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After Irene: Vermont\’s Apple Trees

Welcome to My Green Vermont - A Blog by Eulalia Benejam Cobb.
By Eulalia Benejam Cobb

In the long litany of disasters that fills our eyes and ears these days–houses washed away, roads caved in, seven covered bridges destroyed–that other Vermont icon, the apple tree, is mostly doing fine.  Sure, some old and sick ones, some very young ones, have perished.  But on the whole, Vermont\’s apple orchards and the upcoming apple harvest have survived Irene.

My own micro orchard of two tiny trees, Liberty and Freedom, is prospering.  They are loaded with big, healthy-looking apples, and throughout the storm I kept checking on them.  I was ready to see those apples of my eye roll to the ground like balls in a bowling alley.  But the trees stood firm, and every single apple clung staunchly to its branch.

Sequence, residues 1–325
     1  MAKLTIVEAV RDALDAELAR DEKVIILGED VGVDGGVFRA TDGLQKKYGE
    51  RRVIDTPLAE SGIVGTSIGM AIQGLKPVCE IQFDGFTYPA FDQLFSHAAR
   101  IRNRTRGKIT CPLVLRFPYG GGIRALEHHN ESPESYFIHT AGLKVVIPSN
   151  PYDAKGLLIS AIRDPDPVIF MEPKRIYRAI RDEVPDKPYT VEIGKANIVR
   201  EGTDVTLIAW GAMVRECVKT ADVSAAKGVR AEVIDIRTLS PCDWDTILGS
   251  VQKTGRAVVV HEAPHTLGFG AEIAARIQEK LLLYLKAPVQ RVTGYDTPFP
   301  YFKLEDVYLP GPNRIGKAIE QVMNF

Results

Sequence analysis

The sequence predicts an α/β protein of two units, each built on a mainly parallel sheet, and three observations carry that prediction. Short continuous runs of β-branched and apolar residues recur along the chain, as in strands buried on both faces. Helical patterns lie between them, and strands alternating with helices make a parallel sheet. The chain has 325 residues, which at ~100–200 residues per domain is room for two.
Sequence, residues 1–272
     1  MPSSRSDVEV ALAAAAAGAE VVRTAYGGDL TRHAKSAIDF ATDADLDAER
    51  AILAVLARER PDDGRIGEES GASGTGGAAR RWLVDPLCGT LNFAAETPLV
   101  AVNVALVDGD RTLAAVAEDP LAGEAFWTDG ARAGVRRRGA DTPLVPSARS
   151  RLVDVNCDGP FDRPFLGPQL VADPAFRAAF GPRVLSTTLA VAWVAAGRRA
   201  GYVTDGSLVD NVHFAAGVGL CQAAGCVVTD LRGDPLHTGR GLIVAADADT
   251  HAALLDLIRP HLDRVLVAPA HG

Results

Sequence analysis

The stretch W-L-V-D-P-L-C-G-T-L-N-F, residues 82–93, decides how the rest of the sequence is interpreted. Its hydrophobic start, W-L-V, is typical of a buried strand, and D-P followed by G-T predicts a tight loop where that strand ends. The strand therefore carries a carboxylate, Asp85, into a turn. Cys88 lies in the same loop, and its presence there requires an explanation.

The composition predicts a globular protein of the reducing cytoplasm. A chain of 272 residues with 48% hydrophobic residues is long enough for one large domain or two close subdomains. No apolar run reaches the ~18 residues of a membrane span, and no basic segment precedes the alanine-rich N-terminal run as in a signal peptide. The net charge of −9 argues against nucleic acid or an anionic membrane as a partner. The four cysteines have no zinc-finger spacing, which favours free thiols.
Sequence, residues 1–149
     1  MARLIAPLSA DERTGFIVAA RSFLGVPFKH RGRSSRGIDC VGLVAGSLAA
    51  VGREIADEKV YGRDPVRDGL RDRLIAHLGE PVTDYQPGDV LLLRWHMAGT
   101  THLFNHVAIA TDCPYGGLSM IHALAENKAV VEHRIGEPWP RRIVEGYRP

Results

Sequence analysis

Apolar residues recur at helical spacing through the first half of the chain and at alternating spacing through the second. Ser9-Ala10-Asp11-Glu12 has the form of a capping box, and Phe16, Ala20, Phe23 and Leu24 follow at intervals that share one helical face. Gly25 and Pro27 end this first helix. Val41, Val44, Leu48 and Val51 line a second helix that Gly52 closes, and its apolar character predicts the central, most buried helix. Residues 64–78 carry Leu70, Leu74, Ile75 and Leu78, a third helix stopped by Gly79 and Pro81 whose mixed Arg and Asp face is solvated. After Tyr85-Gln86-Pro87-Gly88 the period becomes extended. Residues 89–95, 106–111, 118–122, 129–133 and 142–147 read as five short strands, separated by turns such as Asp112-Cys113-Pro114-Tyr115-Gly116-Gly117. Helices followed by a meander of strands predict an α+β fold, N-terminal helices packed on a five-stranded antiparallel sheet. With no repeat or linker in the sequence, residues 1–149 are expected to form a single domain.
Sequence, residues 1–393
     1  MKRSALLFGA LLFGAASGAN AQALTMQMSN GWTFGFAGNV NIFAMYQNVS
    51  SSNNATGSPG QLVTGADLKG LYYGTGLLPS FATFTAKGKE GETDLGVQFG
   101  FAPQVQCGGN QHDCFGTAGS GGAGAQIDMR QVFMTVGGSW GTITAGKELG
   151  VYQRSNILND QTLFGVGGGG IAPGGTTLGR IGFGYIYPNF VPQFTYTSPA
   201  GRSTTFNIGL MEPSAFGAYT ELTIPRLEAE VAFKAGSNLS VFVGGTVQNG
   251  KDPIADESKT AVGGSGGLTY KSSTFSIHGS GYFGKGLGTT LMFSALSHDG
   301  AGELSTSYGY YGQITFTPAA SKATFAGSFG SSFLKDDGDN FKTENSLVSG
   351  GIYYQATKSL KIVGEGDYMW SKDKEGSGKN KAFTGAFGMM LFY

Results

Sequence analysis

I love Vermont\’s apple trees:  wild unkempt ones that shower their sour fruit onto the roads;  a single ancient one respectfully preserved in a manicured lawn;  old orchards guarding genetic treasures behind crumbling stone walls;  new orchards laid out in trim military ranks.  And I love the festival of apple harvest with its cornucopia of cider, cider donuts, apple pies, apple sauce, apple fritters.  In Vermont there is an apple for every taste:  red, green, yellow, sweet, tart, crunchy, mealy, good for baking, good for pies, good for cider, good for you.  I had no idea that such a tiny state could grow such variety of apples.

I had no idea that such a tiny state could harbor so much destruction, so much sorrow.  But I look at the apple trees and I know that the coming harvest will provide the first opportunity for joyful gatherings around the state.  An apple, after all, is a happy thing.  A tree loaded with reddening globes is a sight to gladden even the weariest of hearts.  I\’m glad that 2011 is turning out to be a good year for apples.  Heaven knows we need them.   

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